Skip to content

on the alaska highway

I can’t remember now where I camped the day I left Whitehorse – it made no impression on my and I didn’t record it in any way. It has gone completely.

However, the next morning, as I am riding on my way, I pull into an dubious RV camp at Johnson’s Crossing because of the bakery sign – I am developing a serious and often misguided addiction to cinnamon buns. I have bought my bun (one of the more misguided ones) and a couple of indifferent fruit turnovers and am eating them standing by my bike having the same tired “where from/where to” conversation with a couple from somewhere in the ‘lower 48’* when I hear a sudden commotion behind me.

I turn and see a man getting out of an unfamiliar 4WD. It takes a moment for me to the make the right connections but then Renate and the boys also emerge from the vehicle. The couple I was conversing with are instantly and totally forgotten. We are all overjoyed to see each other again – I am heart-warmed by the fact that our previous lunchtime encounter obviously made an equal impression on these people that it made on me.

There is a flurry of addresses exchanged, photos taken, promises made, and I happily learn all the missing names – Gunter, Malte and Jannik – and then we have to go our separate ways again. They are about to set off on the canoeing part of their holiday on some remote lakes and rivers in the Yukon.

Reunited for a moment with Renate and her family.

Reunited for a moment with Renate and her family. (From right to left: Renate, Jannik, me, Gunter, Malte.)

The air is still thick with smoke as I ride on to Teslin Lake and stop after a short day, seduced by the opportunity to swim. I spent the afternoon sitting watching the smoke, the sky, the water.

Smoke billowing over Teslin Lake.

Smoke billowing over Teslin Lake.

Green bushfire light and grey smoky skies.

Green bushfire light and grey smoky skies.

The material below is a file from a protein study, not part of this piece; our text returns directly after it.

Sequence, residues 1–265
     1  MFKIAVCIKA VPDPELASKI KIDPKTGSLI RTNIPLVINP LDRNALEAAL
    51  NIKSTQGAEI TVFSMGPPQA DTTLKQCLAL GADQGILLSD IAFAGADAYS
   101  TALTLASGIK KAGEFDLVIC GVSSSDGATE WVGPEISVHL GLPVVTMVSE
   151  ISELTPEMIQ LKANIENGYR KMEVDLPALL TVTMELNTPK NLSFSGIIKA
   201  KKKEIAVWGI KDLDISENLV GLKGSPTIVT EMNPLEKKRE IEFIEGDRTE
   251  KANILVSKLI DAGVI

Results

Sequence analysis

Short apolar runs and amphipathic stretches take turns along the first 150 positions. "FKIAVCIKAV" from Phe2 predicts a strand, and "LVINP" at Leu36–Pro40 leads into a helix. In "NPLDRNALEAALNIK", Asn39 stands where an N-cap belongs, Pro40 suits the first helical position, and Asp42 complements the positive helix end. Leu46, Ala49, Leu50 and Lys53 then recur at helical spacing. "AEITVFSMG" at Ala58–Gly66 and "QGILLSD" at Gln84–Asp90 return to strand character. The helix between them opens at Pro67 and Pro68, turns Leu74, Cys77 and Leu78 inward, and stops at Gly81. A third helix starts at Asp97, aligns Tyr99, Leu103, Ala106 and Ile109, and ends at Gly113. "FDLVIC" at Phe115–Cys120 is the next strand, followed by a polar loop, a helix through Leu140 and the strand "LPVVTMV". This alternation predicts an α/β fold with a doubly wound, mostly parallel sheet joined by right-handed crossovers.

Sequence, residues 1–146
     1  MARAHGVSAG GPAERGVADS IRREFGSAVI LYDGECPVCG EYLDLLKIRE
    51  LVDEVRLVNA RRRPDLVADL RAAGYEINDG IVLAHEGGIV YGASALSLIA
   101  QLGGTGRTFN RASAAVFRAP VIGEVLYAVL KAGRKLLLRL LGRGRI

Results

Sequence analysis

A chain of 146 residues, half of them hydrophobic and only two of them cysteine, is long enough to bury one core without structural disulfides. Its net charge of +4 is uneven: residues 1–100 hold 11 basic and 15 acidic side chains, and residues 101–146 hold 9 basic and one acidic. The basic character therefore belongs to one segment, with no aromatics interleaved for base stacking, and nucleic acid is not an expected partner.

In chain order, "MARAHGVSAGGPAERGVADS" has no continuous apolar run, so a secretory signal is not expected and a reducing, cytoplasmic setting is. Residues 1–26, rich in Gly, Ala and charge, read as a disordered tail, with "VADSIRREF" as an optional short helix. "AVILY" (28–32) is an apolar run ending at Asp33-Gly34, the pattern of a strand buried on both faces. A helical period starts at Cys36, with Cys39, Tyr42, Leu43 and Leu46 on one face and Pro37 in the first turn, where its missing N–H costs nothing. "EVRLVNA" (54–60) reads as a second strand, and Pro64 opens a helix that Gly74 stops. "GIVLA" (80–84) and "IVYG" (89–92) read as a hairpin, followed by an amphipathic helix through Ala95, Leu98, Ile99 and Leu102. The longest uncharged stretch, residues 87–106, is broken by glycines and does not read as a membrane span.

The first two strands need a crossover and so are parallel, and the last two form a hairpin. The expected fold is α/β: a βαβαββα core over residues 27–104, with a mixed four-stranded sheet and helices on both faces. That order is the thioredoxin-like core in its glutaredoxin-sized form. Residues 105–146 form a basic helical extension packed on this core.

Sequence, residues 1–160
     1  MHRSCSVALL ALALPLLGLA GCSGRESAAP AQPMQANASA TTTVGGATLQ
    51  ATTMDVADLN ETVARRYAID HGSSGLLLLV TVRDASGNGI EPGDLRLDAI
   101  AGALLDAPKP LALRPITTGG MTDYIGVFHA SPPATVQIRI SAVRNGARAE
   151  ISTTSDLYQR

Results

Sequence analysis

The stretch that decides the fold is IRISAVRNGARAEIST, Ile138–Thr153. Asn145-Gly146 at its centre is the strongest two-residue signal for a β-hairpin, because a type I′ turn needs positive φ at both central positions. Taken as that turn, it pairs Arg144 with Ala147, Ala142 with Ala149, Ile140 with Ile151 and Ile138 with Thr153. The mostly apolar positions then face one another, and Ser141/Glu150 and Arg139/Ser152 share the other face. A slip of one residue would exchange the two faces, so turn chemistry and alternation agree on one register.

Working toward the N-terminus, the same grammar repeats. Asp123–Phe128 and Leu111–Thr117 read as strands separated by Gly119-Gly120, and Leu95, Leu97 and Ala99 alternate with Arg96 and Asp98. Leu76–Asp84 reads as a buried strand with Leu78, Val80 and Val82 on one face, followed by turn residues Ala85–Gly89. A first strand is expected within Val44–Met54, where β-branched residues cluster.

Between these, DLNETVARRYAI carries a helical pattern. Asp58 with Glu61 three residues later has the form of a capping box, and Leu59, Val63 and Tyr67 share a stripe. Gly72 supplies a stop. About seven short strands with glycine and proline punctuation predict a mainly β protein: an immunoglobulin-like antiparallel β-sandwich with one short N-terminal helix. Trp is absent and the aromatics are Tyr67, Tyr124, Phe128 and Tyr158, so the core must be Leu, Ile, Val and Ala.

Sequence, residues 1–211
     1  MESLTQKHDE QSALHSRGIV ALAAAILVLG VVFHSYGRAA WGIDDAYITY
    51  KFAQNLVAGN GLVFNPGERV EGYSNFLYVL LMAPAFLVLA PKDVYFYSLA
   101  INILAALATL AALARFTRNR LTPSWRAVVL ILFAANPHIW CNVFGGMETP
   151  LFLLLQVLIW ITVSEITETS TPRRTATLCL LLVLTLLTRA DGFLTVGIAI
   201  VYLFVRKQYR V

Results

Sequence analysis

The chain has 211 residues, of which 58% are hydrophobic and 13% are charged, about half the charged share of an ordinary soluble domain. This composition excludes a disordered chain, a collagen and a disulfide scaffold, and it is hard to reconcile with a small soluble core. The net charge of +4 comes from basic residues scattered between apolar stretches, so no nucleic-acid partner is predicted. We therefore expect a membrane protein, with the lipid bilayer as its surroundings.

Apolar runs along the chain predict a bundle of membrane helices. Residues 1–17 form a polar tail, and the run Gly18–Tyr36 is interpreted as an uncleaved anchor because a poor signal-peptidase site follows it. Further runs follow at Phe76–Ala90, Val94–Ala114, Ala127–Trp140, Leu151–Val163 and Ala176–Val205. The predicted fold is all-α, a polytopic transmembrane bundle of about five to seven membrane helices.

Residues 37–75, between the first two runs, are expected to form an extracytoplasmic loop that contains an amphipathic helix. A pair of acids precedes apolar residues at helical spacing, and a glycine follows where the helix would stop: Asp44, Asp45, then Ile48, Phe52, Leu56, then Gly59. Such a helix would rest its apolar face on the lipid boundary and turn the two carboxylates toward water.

Smoky sunset at Teslin Lake.

Smoky sunset at Teslin Lake.

Red moon in the smoke.

Red moon in the smoke.

The following morning brings a murky haze which testifies to the presence of the numerous blazes burning across the Yukon, Alaska and British Columbia. Having spent February this year in Australia, where fires of unprecedented ferocity destroyed millions of hectares of bushland and destroyed whole towns with massive loss of life the scene was familiar, if not welcome.

The murky view over the lake in the morning.

The murky view over the lake in the morning.

The smoke is so thick that it is impossible to see the opposite shore of the lake.

The smoke is so thick that it is now utterly impossible to see the opposite shore.

* The ‘lower 48’ is how Alaskans refer the parts of the USA that are not Alaska.

{ 1 } Comments

  1. Brent Townsend | September 4, 2009 at 7:59 pm | Permalink

    And be sure to check out Ryan Larkin’s ‘Walking” on You Tube – here is clearly one Canada’s most uncelebrated and yet enormously talented artists. Ryan Larkin was heavily criticised for his excessive lifestyle, and this no doubt lead to his most unfortunate passing.

    Really a shame when you consider not that many people have truly photographic memories that can actually recall and manipulate motion into such simple lines. Hard to believe society would turn their backs on someone who creates absolutely amazing animation.

    For the complete story – seek out ‘Ryan’ on DVD.

    PS
    What about the Spirit Bears, you didn’t mention them at all. (Get on it)

Post a Comment

Your email is never published nor shared. Required fields are marked *